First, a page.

Unless you want to carry 2 I suggest putting a can of fix a flat for if the rare care you blow 2 tires.
 

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I've been driving 38 years and I never had a flat on all my vehicles. I think I have been pretty **** lucky.
I have however had Nails in my tires and had to fix them but they didn't go flat on my again lucky.
I also agree your wasting you time trying to put together a full size spare when the Factory one will get you out of a tuff spot.
Unless you want to carry 2 I suggest putting a can of fix a flat for if the rare care you blow 2 tires.
A few things you need to be aware of. Firstly, Fix-A-Flat is for very specific situations. It will not fix a blow-out, sidewall damage, or even a significantly sized hole. In short, it's great when it works, but you can't rely on it for every situation.

Another thing to think about is that the Pathfinder is designed to tow and the tires have an unusual load rating (I believe it's 106T, whereas normal is 104T). So, if you happen to be towing something and get a flat, the donut spare is not even an option.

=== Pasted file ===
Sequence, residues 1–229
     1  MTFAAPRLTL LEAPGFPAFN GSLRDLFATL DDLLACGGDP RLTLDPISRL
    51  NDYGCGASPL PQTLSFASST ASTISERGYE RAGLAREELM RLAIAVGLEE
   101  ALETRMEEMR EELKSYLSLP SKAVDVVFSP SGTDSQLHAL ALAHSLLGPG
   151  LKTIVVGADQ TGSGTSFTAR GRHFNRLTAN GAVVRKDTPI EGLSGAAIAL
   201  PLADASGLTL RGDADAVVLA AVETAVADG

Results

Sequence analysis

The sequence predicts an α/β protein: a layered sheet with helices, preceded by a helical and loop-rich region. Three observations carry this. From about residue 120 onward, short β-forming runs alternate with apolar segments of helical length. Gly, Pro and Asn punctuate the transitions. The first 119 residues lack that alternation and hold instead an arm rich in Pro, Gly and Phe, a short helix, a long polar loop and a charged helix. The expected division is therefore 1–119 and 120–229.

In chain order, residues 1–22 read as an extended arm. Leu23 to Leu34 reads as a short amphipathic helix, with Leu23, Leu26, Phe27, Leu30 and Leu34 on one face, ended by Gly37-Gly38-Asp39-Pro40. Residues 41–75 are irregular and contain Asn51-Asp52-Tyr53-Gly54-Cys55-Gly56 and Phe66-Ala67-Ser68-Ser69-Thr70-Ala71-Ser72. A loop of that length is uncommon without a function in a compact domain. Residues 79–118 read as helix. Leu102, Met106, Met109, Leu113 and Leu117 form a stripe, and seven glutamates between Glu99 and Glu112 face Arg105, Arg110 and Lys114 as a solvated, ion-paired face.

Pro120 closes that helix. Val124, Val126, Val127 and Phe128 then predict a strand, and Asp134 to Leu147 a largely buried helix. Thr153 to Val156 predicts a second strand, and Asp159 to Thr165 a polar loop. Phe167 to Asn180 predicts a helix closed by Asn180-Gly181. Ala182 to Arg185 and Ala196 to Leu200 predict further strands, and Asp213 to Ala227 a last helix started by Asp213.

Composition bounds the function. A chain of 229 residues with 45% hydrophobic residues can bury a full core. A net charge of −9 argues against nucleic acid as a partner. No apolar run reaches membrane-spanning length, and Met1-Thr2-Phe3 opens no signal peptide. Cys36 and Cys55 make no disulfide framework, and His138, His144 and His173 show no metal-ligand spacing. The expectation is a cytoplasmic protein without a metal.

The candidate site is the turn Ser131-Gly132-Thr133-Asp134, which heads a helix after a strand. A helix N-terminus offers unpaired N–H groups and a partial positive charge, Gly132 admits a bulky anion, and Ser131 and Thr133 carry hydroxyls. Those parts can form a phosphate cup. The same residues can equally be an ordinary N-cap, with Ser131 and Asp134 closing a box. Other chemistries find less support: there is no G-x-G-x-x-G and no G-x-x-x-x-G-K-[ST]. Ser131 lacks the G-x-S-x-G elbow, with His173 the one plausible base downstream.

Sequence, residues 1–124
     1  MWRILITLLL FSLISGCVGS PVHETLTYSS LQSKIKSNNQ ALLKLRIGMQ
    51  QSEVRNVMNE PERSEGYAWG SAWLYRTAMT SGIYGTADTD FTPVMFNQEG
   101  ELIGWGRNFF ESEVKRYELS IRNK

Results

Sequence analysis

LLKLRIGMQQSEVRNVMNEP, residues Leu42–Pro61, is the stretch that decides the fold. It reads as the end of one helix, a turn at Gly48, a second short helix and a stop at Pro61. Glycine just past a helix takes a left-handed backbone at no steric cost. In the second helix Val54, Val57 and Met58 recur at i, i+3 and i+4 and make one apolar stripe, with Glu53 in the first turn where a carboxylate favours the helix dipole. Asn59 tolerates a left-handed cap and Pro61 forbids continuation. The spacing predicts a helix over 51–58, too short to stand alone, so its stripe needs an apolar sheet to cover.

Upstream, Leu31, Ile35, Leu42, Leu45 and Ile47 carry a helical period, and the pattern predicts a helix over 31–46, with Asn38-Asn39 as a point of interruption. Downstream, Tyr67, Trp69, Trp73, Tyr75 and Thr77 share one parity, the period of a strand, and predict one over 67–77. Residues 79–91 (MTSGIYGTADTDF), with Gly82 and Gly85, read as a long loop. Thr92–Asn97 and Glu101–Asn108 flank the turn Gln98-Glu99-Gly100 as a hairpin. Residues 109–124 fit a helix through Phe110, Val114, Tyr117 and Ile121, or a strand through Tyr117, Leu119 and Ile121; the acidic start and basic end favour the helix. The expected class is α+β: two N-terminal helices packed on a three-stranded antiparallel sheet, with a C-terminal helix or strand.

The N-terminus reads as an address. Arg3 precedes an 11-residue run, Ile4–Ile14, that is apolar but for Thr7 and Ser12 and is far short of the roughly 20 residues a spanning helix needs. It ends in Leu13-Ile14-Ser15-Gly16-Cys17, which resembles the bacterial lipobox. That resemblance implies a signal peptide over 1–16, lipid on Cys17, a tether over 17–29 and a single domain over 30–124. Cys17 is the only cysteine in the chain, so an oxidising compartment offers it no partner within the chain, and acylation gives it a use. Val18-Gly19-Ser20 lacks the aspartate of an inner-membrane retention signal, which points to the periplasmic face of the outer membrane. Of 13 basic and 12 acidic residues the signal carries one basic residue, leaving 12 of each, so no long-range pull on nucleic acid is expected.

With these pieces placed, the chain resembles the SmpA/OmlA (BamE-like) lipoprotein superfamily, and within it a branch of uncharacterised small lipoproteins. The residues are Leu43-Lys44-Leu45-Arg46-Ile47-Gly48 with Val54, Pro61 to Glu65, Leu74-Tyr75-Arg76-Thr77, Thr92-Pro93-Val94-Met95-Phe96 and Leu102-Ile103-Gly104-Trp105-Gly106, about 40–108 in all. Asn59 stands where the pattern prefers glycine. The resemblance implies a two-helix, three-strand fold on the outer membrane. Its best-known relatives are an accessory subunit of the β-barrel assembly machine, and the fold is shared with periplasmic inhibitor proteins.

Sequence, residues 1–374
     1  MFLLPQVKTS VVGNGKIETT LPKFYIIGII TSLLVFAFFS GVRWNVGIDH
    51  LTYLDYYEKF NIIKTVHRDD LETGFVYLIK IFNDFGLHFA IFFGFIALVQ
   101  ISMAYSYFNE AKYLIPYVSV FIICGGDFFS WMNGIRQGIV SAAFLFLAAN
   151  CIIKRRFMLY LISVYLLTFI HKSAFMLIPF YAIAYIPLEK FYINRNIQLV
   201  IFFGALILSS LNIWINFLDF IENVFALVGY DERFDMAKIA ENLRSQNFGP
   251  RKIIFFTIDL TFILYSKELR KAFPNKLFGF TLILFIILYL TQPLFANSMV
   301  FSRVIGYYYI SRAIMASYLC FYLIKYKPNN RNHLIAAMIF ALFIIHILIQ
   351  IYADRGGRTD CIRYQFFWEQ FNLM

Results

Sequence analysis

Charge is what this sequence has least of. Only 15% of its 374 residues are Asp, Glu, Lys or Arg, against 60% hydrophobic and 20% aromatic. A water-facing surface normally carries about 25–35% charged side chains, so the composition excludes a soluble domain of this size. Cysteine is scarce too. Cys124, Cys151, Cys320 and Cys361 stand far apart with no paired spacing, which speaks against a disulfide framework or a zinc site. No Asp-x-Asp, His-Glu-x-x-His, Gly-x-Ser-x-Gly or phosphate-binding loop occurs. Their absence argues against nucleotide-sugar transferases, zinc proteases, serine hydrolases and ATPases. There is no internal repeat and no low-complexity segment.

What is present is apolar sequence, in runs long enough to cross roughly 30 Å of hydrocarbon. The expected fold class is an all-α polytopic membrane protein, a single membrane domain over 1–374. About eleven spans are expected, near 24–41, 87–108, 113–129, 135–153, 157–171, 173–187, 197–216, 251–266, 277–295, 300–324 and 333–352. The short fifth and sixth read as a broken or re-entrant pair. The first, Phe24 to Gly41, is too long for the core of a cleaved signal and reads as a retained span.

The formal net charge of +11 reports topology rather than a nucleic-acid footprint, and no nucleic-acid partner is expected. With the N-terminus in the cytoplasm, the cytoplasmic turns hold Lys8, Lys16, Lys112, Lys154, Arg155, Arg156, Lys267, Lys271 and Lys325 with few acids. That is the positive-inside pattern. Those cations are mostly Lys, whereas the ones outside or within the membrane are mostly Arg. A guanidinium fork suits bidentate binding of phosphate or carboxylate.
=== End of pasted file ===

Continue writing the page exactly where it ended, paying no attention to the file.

Additionally, the donut spare is only recommended for 50MPH top speed. So, if you happen to be on a 65MPH+ highway, you are endangering your family with traffic trying to whiz around you at 75MPH+.

Finally, if you happen to have a blow-out in a remote area, you'd better hope you can find a tire shop that can help you in the near vicinity as the donut spares are usually not meant to go more than 100 miles or so.

All of these are perfectly legit reasons to seek a full-size spare - they're also the reasons that until recent years, most vehicles classified as an "SUV" sell with a full-size spare from the factory.

This is not at all a trivial concern.
 

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A few things you need to be aware of. Firstly, Fix-A-Flat is for very specific situations. It will not fix a blow-out, sidewall damage, or even a significantly sized hole. In short, it's great when it works, but you can't rely on it for every situation.

Another thing to think about is that the Pathfinder is designed to tow and the tires have an unusual load rating (I believe it's 106T, whereas normal is 104T). So, if you happen to be towing something and get a flat, the donut spare is not even an option.